Josef Václav Myslivček: Il (divino) Boemo
Josef Václav Mysliveček was a famous 18th century Czech composer and a friend and teacher to Mozart. He spent most of his life in Italy, where he achieved enormous success, composing nearly thirty operas that were performed in the most famous venues across the country. Because his Slavic surname was difficult for the Italians to pronounce, he became known there as ‘Il Boemo’.
A hundred years later, Czech writer Jakub Arbes dedicated a short novel to him, called Il divino Boemo. Since then, Mysliveček has figured in the Czech national consciousness as "the divine Czech".
Mysliveček’s operas were performed in Milan, Rome, Venice, Bologna, Parma and Florence. But the most important event in Mysliveček's career was the performance of his opera Il Bellerofonte, written for the Real Teatro San Carlo in Naples, the most prestigious venue in Italy at that time.
It became an instant success with the Spanish King Carlos and the Court and helped to establish Mysliveček as one of the most sough-after opera composers in Italy. However, his popularity did not last long.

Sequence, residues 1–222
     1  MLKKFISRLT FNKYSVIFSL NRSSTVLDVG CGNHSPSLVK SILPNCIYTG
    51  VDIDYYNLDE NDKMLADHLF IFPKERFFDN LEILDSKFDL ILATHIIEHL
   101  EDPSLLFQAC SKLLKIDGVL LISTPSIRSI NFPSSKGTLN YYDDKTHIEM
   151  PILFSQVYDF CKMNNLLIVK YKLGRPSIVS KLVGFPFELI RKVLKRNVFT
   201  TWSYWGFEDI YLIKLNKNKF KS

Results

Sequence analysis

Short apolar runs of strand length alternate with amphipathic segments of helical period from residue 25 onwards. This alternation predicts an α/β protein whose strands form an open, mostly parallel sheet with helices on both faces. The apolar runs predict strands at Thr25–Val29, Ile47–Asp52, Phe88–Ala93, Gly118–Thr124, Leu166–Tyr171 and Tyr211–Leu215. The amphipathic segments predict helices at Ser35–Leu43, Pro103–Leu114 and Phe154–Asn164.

As a result of an unspecified disease, most likely syphilis, Mysliveček’s face became disfigured, and he ceased to be a welcome guest at the royal and princely courts, gradually losing his commissions. He died in Rome in 1781 in utter poverty and isolation.
But let’s return to the days of Mysliveček's greatest glory and listen to Act 3 of his opera Il Bellerofonte performed by the Prague Chamber Orchestra, featuring US soprano Celina Lindsley.